A 7 3 2
J 10 7 6 4 2
Q 9 8 7 4
A Q 3
A 9 8 7
K Q 10 5 4
A J 6
5 4 3 2
J 9 6
K 10 3 2
9 8 5
K J 6
How can you toss a hand? Let me count the ways.
Today’s West, holding a game-going hand opposite his partner’s one spade opener, elects to suppress his five-card heart suit in favor of a masterminding 2NT. Naturally, in the parallel universe that is the Gee Chronicles, this is rewarded, as 3NT turns out to be a good deal better than the more natural 4H, which suffers from lack of entries to the closed hand and is always down against decent defense.
Gee leads the D6, best for the defense, but there should be no hope. Declarer needs only four heart tricks, and best is to win in dummy and lead the heart jack, dropping a high spot underneath it. (Otherwise if South holds K10xx, as in the actual layout, she can return a heart to kill dummy’s last entry prematurely and the defense can come to five tricks in the end.) Whether the heart is ducked or won, play a spade honor and return to hearts. This line wins unless a) hearts are 5-0 or South holds a small stiff; or the defense shifts to clubs, they break badly and the long hand also holds the spade ace.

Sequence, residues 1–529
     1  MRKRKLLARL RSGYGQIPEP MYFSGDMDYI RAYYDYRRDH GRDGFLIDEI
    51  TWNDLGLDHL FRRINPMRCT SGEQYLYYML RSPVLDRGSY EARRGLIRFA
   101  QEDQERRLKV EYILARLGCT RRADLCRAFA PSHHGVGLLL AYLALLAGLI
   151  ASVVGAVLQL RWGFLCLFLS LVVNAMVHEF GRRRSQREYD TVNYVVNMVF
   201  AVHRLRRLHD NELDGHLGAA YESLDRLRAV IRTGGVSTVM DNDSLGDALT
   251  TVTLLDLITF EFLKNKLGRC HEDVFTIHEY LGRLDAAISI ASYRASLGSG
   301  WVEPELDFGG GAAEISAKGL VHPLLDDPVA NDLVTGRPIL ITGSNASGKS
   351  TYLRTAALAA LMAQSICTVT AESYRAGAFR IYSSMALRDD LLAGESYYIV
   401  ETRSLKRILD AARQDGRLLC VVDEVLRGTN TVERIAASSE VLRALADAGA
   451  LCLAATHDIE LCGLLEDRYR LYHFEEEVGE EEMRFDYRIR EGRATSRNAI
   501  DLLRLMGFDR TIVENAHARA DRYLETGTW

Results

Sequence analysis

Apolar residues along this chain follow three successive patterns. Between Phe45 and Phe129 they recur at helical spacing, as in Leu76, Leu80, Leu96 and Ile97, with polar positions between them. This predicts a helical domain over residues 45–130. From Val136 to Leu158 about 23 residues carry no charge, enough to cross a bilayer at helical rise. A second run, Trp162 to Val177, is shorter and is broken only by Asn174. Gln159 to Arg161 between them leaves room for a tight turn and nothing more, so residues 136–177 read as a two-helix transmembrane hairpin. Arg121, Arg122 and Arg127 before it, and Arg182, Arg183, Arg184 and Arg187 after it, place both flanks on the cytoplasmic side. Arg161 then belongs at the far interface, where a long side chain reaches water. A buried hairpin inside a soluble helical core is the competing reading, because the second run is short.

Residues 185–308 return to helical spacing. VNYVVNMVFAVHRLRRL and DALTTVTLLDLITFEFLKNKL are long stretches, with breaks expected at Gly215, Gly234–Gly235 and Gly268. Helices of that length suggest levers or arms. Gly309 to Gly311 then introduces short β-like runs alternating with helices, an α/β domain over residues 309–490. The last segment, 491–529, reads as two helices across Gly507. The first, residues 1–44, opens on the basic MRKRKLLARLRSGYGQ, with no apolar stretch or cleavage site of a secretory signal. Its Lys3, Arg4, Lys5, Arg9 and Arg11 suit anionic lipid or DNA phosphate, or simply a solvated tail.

Our declarer, however, plays the heart ace, and now things are up for grabs. This is followed by the heart jack, and South wins the king and continues diamonds. At this point dummy is dead and the contract is hopeless against sentient defense. But wait! declarer leads a spade and our hero ducks, tossing away the defense’s only hope, that declarer has a stiff spade.
Now declarer need only take the marked heart finesse for nine tricks, but wait! declarer leads the heart 6 all right, but then overtakes with the queen.
Declarer plays another heart, as good as anything, driving out South’s 10. South plays a third round of diamonds, and surely declarer can now come to only eight tricks.
Declarer cashes the last heart, on which both defenders throw spades, and the club ace and another club. South should know that Gee is left with a diamond winner and the spade ace, and let the club queen hold. But she overtakes to cash the club jack. Still no harm done; the spade ace makes five tricks for the defense… but wait! Gee discards the spade ace on South’s club winner, keeping the crucial 13th diamond.
“By overtaking my club,” says Gee, “you denied having any spades.”